• Editing
  • Sound Design
  • Producing and directing
  • Animation and digital arts
  • Interactive media
  • Producing program
  • Media arts and practice

University of California

Los Angeles, California

The University of California, also known as UCLA, has an outstanding reputation for The School of Theater, Film and Television. Students enrolled in a program within this school have access to one of the world’s largest television and film archives.

The University of California at Los Angeles offers prospective students both undergraduate and graduate degree programs in film and television. The first two years of bachelor degree program requires students to complete general studies.

General studies coursework includes:

  • Foundational arts and humanities
  • Society and culture
  • Scientific inquiry
  • Writing
  • Foreign language
  • Literature
  • American history and institutions

During their last two years of study, students will be able to begin film and television related courses.

University of California, Berkeley

Berkeley, CA

Berkeley degree programs focus on historical and theoretical inquiry of films. Not only are prospective students offered the opportunity to pursue both undergraduate and graduate degrees, the school also offers students the opportunity to pursue a double major.

Coursework includes:

  • History of silent and sound film
  • Documentary and the avant-garde film
  • Film theory
  • Film genres
  • Introductory film and video production
  • Screenwriting

University of Pennsylvania

The University of Pennsylvania, one the top ranked Universities in the nation, has been a leader in cinematic studies since the late 1800’s.

Alumni from this university include, DreamWorks CEO, former presidents of CBS and Warner Home Video, current president of Columbia Pictures, and directors from the Sundance Film Festival.

Students at the University of Pennsylvania are provided with the option to pursue a cinema degree as a either a major, a minor, or a certificate program in graduate studies.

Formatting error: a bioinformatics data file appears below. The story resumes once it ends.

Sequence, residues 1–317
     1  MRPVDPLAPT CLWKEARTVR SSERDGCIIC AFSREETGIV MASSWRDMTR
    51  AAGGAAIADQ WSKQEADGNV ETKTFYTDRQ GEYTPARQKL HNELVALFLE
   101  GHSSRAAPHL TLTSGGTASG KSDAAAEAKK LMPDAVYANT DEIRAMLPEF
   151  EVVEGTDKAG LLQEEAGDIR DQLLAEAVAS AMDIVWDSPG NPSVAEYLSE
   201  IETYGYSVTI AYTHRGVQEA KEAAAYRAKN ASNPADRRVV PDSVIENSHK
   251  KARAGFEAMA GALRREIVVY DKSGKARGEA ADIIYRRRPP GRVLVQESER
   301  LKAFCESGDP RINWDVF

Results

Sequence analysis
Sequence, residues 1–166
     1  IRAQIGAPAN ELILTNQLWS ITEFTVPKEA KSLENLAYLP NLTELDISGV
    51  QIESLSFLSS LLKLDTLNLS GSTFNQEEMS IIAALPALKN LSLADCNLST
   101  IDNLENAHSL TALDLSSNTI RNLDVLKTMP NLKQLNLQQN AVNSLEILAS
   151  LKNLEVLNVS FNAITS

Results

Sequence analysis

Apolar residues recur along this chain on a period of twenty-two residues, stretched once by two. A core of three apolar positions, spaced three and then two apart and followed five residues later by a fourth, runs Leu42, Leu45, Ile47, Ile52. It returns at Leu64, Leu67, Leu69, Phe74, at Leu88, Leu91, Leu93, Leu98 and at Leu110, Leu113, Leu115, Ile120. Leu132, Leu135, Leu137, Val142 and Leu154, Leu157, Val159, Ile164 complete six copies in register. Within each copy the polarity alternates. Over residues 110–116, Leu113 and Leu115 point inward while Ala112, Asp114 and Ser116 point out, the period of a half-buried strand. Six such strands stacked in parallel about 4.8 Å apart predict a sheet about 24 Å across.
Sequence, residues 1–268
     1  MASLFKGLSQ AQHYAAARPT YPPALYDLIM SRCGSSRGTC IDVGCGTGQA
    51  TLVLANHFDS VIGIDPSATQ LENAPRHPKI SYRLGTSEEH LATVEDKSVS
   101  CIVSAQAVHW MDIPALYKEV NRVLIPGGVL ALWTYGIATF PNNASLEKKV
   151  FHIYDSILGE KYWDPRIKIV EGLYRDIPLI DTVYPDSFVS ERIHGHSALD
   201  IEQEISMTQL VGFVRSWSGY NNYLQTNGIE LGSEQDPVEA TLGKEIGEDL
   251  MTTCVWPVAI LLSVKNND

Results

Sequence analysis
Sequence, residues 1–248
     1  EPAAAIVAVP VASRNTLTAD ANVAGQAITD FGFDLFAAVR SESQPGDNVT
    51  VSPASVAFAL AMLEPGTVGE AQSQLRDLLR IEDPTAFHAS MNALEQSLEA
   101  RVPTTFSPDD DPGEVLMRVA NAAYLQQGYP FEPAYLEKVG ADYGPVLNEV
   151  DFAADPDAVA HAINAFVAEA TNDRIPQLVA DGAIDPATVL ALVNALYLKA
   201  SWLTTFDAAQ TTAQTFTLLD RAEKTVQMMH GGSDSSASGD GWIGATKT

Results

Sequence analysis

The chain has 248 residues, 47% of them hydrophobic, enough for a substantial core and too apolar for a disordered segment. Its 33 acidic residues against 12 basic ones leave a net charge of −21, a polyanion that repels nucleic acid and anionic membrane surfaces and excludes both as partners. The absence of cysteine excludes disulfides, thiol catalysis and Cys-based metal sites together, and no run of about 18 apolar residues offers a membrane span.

Overall coursework includes:

  • Film theory
  • History and aesthetics
  • Women studies
  • Languages and literature
  • Romance languages
  • Fine arts
  • Communications
  • Anthropology
  • English
  • Soviet montage theory
  • French auteur theory

Columbia University

New York, NY

Also known as one of the top ranked national universities in the country, Columbia University offers adept faculty and a rigorous curriculum to students.

Coursework includes:

  • Theory of film
  • Auteur studies
  • Genre studies
  • National cinemas
  • Film theory
  • Lab in fiction filmmaking
  • Script analysis
  • Narrative strategies in screenwriting and non fiction filmmaking
  • Seminars in screenwriting and filmmaking

Yale University

Yale University has continuously earned a worldwide recognition for the remarkable nature of its academic programs.

Required coursework includes:

  • Close Analysis of Film
  • Film Theory and Aesthetics
  • History of art
  • Issues in Contemporary Film Theory
  • Literature
  • Philosophy
  • Social sciences
  • Film theory
  • Productions
  • Race and gender
  • Photography

Cornell University

Cornell University is highly regarded as an institution with an extensive history of quality education and research.

In the school of Theatre, Film, and Dance, students have the opportunity to participate in film courses without needing to commit to a major until Sophomore year when a major can be declared. In their Junior year, students can study abroad in Paris at the Center for Film and Critical Studies.

New York University

New York, NY

NYU’s department of Cinema Studies was one of the first departments within a school dedicated to film.

Coursework concentration at NYU includes:

  • History
  • Theory and film aesthetics
  • Writing requirement
  • Foreign Language
  • Literature
  • Dramatic literature
  • Theater history
  • World through art
  • World cultures
  • Journalism
  • Linguistics

Located in New York City, along with a prime location, NYU offers a vast number of degrees options, over 300 instructors, and weekly film screenings.

Degree options at NYU include a Bachelor of Arts with a concentration in cinema studies (with the option of a double major option with the second major in social sciences, arts, or humanities), a Master of Arts in cinema studies or in moving image archiving and preservation, and a PhD in cinema studies.